I was born and raised in Boston, MA. Not some town right outside of the city limits or a suburb 40 minutes east. I’m a born and bred, tried and true Bostonian. That didn’t always mean something to me. I didn’t always emjoy Boston. The train didn’t run long enough. The winters were always bastardly long and frigid and the summers were disgustingly humid and seemed to leave much more quickly than they’d come.
Sometimes I wished I was from New York, or LA or even Miami. That’s where all the interesting people were from, and if that wasn’t where they were from, that’s where they went. That was where life was lived deliberately, and on a large, fast scale. I found little to admire about a small city that shut down at midnight.
As I’ve learned and as I’ve grown, so has my appreciation for what it means to be a Bostonian. When people think of the American dream now, they think luxury, they think excess, they think affluence, and that’s exactly the problem. The American dream isn’t about selling your soul for a promotion or a summer home in the Hamptons, it’s about a right and commitment to self betterment. And Boston is one of the few major cities that hasn’t lost sight of that.
Boston was where a lust for liberty conceived a nation, and where principles of honesty and discipline laid its foundation. From Charlestown to Dorchester, the values that built this city, and this country, are not only visible, but prominent. Boston is where the American dream was born, and where it is achieved on a daily basis by hundreds of thousands of people from all walks of life.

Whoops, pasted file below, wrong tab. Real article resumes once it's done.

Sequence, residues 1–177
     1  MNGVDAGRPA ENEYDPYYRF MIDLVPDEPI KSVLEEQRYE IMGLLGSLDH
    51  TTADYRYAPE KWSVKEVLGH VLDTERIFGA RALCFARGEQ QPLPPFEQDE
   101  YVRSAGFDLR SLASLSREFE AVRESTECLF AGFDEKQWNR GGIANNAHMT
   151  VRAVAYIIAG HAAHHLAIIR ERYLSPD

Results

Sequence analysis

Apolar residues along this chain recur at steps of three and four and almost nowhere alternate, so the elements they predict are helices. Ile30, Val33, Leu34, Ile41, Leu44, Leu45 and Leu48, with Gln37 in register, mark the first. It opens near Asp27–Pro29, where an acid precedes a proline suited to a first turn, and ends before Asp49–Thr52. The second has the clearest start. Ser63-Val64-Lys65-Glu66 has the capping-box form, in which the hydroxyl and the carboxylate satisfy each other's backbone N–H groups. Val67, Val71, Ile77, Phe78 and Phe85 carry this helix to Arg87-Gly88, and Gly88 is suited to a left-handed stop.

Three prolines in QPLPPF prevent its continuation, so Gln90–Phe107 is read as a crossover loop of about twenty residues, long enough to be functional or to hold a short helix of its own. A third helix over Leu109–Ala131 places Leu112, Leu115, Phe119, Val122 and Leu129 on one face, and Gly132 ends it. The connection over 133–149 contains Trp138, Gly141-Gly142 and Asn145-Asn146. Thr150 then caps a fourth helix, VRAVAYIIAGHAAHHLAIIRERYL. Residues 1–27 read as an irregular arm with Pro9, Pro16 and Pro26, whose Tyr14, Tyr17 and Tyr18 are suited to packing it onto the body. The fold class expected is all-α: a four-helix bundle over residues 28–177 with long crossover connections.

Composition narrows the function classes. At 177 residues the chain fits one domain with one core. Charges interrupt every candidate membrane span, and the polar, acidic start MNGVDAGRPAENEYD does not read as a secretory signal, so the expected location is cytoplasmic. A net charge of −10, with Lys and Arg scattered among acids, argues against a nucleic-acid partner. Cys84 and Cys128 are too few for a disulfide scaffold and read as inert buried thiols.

New York, LA, Miami- everyone’s rich because they have to be. They’re beautiful because they have to be. They’re on drugs because they have to be. They live in environments that are defined by self indulgence, superficiality and corruption. Boston is where people come to learn, and where many choose to stay, because as ridiculous as traffic is and as obnoxious as the sports fans are, this is a beautifully simplistic city filled with honest, hardworking, genuine people, and there’s a dignity in that that can’t be bought or found anywhere else.
Of course there are things I’d change about Boston given the opportunity. But this place, for the most part, gets it right, and I think I’m a much better person than I would have been if raised elsewhere because of it.
New York, LA and Miami are all great cities that I’d love to visit any day of the week, and even if I were to end up moving to one of those bustling municipalities, I don’t know if they’d ever be home. While I appreciate the efforts being made by Mayor Walsh to liven up the city, Boston will never be New York, LA or Miami and I wouldn’t have it any other way.